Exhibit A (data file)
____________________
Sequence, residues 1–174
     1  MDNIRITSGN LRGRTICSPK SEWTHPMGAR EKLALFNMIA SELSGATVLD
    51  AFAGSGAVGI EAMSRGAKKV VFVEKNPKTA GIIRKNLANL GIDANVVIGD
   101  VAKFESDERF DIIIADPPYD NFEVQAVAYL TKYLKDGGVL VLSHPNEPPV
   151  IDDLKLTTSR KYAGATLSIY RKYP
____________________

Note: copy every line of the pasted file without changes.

Sequence, residues 1–174
     1  MDNIRITSGN LRGRTICSPK SEWTHPMGAR EKLALFNMIA SELSGATVLD
    51  AFAGSGAVGI EAMSRGAKKV VFVEKNPKTA GIIRKNLANL GIDANVVIGD
   101  VAKFESDERF DIIIADPPYD NFEVQAVAYL TKYLKDGGVL VLSHPNEPPV
   151  IDDLKLTTSR KYAGATLSIY RKYP